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Namibia hosts 52nd Southern African Power Pool meeting

By: Rodney Pienaar

Namibia is hosting the 52nd Southern African Power Pool meeting in Windhoek as the country continues to fork out billions of dollars for energy imports from the southern African power pool.

The Namibian government is also part of the Paris Climate Agreement and is equally faced with the challenge of meeting the emission targets and improve the supply situation in the country.

Deputy mines minister, Kornelia Shilunga said, “As government we have put in place policies and guiding documents such as NDP5, Harambee Prosperity Plan, National Energy Policy, Renewable Energy Policy and Independent Power Producers Policy.”

“In addition, the government of the Republic of Namibia together with the Electricity Control Board (ECB), which is the regulator, aim to liberalize the supply of electricity in Namibia, through the introduction of the Modified Single Buyer (MSB) Market Model.”

She added that the success for this agenda hinges among other things on access to reliable and affordable electricity supply.

It is therefore an ever present challenge for all utilities in the region and regional bodies least of all the SAPP to ensure that this regional agenda is fulfilled, she said.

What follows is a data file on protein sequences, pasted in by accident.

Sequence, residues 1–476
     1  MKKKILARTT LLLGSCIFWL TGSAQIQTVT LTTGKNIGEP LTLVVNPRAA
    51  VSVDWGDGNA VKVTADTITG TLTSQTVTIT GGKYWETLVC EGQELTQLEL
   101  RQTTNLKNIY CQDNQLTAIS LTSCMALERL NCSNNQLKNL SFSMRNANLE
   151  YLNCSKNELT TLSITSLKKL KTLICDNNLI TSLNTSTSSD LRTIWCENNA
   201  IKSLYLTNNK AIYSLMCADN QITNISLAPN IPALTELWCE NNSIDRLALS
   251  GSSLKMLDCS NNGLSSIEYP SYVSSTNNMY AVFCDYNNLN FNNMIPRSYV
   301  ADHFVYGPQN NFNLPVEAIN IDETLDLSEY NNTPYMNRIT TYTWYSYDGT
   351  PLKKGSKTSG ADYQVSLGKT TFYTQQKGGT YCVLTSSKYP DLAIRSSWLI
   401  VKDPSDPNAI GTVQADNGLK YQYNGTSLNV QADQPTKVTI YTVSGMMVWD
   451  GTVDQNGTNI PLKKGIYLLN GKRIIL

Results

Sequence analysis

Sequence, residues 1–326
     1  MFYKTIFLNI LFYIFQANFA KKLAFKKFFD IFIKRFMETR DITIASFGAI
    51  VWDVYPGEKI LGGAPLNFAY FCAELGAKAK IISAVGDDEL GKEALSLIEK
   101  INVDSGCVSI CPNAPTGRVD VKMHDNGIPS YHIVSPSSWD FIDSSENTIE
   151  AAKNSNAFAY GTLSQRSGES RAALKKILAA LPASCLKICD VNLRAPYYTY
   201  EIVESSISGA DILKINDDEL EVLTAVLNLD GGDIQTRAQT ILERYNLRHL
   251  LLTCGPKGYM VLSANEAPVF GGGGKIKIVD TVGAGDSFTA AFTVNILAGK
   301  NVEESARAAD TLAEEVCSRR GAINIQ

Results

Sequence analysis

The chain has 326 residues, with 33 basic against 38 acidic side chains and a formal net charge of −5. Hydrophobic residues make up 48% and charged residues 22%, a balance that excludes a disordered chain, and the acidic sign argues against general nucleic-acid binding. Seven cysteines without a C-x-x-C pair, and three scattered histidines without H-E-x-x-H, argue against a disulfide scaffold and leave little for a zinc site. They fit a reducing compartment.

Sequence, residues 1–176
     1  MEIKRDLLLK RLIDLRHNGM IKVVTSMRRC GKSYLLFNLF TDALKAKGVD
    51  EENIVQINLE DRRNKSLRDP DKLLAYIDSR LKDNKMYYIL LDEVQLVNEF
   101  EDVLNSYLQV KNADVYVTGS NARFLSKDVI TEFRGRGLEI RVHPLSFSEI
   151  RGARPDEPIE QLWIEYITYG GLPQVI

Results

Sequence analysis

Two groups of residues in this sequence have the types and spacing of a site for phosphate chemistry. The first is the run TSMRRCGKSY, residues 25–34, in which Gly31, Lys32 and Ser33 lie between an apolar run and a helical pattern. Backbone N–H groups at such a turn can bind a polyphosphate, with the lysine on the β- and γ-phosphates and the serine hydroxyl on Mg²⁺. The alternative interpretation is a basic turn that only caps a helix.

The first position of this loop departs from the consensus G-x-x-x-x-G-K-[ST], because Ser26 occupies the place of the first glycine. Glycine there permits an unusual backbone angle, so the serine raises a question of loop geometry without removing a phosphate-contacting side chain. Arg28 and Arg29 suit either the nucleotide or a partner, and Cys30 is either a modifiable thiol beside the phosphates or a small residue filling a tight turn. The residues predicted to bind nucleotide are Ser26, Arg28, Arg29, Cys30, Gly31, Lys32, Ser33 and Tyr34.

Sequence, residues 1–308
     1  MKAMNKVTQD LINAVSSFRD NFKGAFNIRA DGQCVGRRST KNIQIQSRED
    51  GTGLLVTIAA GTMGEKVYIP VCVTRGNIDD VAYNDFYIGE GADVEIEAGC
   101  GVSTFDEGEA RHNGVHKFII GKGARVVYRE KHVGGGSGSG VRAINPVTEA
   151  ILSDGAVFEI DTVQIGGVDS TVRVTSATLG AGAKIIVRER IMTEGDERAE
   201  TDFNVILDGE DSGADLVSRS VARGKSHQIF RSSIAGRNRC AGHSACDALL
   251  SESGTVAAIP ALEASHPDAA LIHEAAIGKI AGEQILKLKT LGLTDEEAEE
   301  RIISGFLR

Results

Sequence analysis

Shilunga also said that that the two electricity related institutions that emanated from SADC and housed here in Namibia, the Regional Electricity Regulation Authority (RERA) and the SADC Centre for Renewable Energy and Energy Efficiency (SACREEE) are in a conducive environment to drive the SADC agenda to fruition.

“No country should be isolated from trading in electricity with another SAPP member either through bilateral trade or SAPP markets. We believe that with funds permitting all the members of the SADC family will be interconnected and be able to trade in electricity across borders.”

“It is exciting to learn that you are engaged with the East African Power Pool (EAPP) with a view to interconnect the two power pools. The inter-connection to the EAPP will result in a larger power block bringing in new opportunities for both SAPP and EAPP,” she said.

Shilunga said key to these will be the sharing and optimisation of resources with which the continent is endowed.

“It is a well-researched topic that the region’s infrastructure is lagging behind. There is also a concern that there are sections of the interconnected grid that suffer from congestion due to constrained infrastructures,” she added.

Billions of dollars are required to be invested to bring new infrastructure to areas that are not adequately served with energy.

Likewise heavy investment is required to reinforce current infrastructure to unlock development opportunities for the region, she said.

The meeting is expected to end today.

Rodney Pienaar

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